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Tuesday, January 15, 2008

Walt Lockley

While recently searching for an aerial view of City Hall Plaza (at this point, I'm not sure why I was), I came across an architectural review of Boston City Hall by Walt Lockley.

Lockley isn't an architect, but he is fascinated with how people relate to buildings. In fact, Lockley thinks not being an architect is a strong point for him: "By process of elimination I found neither architects nor psychologists have good explanations for how this works, although of course they say they do."

Lockley, like many (probably most) non-architects, does not think City Hall is the 6th Greatest Building in America, as the AIA has named it:

Sixth best? That would put it ahead of 25 of the following 30 structures, just at random: the Seagram Building, Monticello, Fallingwater, Johnson Wax Headquarters, Dulles Airport, the Robie House, Unity Temple, Grand Central Terminal, the Hollyhock House, the US Capitol, the Lincoln Memorial, Richardson's Trinity Church, the Empire State Building, the Chrysler Building, IIT Crown Hall, 860-880 Lake Shore Drive, the Gamble House, the Tribune Tower, the Auditorium Building, the Wainwright Building, the Bradbury Building, the Kimbell Art Museum, the Lovell House, Independence Hall, the Cathedral of St. John the Divine, Sullivan's banks taken as one, the LA Public Library, the Jefferson Memorial, the River Rouge plant, and the Guardian Building in Detroit. That's amazing. So amazing, it's dead wrong.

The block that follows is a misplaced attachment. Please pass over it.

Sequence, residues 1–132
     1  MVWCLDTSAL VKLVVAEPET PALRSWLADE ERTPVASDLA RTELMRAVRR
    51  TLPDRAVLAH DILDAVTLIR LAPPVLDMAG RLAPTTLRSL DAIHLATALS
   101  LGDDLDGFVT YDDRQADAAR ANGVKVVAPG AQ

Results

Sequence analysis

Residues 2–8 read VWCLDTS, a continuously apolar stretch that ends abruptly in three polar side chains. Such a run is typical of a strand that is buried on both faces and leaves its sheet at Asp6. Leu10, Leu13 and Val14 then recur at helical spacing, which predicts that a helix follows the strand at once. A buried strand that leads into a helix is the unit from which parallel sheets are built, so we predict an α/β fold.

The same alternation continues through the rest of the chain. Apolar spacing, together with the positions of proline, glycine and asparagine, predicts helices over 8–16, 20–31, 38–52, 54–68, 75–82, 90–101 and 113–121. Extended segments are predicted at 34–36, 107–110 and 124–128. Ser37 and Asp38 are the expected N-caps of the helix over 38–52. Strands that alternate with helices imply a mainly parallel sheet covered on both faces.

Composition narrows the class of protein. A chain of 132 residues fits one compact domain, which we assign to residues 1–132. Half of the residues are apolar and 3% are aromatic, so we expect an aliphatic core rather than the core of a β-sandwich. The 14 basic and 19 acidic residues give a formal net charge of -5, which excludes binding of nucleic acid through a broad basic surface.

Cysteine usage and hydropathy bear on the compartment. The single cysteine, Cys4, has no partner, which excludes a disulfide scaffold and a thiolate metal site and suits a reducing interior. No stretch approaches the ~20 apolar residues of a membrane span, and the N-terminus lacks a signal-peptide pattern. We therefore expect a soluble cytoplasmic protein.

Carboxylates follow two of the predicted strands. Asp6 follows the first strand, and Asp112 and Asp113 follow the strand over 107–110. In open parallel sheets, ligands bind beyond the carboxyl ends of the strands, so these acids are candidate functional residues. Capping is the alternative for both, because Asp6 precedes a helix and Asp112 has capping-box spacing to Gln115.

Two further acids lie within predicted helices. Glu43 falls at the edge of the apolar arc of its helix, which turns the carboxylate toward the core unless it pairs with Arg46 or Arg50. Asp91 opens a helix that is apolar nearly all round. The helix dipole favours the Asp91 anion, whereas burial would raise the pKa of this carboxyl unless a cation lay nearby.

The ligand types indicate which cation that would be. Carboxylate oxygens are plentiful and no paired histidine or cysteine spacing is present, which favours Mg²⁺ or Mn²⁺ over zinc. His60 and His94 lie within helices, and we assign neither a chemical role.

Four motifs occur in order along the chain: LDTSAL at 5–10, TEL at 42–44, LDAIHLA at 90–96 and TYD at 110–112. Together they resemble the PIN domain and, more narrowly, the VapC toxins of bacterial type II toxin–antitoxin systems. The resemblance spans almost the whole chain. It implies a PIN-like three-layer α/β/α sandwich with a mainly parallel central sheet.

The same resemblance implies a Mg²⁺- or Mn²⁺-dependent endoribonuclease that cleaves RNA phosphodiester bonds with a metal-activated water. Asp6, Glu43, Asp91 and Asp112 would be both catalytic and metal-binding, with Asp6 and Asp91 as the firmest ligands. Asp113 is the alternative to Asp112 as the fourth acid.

He goes through the history of the building, from the architects thoughts to local politicians' and Boston residents' comments. It is a very entertaining read.

He has reviews of many other buildings, including another city hall: Pasadena City Hall.

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